But Summer 2016 wasn’t satisfied with just some sporting events for news and the last two months have been filled with so much news it’s been hard to keep track. Sometimes it’s felt like the News Gods have just said: “Sod it, I can’t wait for this news to happen slowly anymore. Let’s put on the Big Box Set of News and just binge watch the whole thing this summer.”

And so we’ve had: a departing UK Prime Minister; a Conservative Party leadership contest; a new Prime Minister; what felt like more Shadow Ministers than there were actually Labour MPs; Corbyn staying, staying, sitting on the floor but still staying; Farage preparing his concession speech before going on to win more friends in the EU Parliament; blue on blue action and through it all the ongoing leap into the unknown that is Brexit.

What follows, just in case you missed us over the last few weeks, is a summary of IPcopy’s posts since we took back control…. (more…)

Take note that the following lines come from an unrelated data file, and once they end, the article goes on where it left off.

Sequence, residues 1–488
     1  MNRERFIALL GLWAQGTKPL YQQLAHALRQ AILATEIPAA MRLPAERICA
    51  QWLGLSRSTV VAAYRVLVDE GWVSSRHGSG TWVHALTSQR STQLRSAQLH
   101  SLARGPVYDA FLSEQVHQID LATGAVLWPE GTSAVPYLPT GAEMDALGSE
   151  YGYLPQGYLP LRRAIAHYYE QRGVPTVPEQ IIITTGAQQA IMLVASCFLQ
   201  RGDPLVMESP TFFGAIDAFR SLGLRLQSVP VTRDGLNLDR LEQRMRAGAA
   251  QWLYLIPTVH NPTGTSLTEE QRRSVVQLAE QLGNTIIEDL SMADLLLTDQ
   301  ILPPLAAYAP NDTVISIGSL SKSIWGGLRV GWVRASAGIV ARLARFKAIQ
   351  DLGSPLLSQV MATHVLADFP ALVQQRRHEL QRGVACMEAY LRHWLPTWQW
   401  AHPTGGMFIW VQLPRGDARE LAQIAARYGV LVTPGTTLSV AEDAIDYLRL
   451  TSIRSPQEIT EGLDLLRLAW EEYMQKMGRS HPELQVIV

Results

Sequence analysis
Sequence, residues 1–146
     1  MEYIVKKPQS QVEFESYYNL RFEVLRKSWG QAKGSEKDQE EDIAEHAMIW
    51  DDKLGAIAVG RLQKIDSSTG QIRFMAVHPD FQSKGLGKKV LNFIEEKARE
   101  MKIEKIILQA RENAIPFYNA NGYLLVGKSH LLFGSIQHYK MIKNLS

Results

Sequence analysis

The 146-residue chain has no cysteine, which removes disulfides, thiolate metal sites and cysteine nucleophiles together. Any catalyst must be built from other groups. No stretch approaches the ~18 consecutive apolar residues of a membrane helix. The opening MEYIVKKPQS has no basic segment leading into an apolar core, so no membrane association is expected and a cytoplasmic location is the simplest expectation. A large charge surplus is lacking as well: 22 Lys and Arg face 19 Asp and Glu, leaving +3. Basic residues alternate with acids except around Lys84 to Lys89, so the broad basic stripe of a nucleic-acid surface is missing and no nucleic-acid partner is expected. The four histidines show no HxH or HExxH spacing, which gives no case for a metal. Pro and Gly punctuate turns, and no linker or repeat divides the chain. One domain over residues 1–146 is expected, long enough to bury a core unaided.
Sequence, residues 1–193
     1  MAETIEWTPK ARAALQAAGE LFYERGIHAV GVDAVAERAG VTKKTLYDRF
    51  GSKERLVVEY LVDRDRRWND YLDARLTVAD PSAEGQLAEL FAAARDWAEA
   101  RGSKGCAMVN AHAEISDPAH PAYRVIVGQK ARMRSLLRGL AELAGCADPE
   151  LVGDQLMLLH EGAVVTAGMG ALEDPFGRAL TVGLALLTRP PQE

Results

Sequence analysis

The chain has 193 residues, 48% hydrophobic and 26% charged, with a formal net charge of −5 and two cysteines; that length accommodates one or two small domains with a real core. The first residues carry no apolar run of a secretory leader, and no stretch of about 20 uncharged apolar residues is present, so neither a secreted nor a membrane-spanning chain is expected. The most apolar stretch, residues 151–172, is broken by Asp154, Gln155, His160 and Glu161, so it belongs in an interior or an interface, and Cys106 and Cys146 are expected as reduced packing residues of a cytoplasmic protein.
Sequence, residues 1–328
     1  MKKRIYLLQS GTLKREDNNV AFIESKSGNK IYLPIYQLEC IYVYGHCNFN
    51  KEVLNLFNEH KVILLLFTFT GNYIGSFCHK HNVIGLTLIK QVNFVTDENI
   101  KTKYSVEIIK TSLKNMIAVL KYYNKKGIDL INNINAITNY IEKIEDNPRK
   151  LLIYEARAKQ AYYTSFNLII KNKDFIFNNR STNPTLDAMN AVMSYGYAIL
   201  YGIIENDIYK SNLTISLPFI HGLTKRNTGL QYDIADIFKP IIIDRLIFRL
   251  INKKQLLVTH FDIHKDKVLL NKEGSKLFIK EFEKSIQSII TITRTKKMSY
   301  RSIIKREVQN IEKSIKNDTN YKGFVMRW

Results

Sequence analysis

Changes to UK Patents Rules


A plurality of omnibuses *

Earlier this year the UKIPO ran a consultation on proposed changes to the Patents Rules. The government is now bringing the proposed changes into force with some adjustments following comments received. The reasons behind the changes are to increase the flexibility of processes, to bring more legal certainty and to reduce administrative burdens.

The changes will be brought into force on 1 October 2016 and 6 April 2017 and are summarised below. (more…)

Brexit – IP Myths and Misconceptions 2

brexit-1481028_1920IPcopy is returning to the subject of the moment today and taking another look at Intellectual Property and Brexit. Just over a month ago we posted our first “Myths and Misconceptions” post with the aim of highlighting any Brexit related commentary in the area of IP that presented a misleading take on the possible changes to the IP world following Brexit.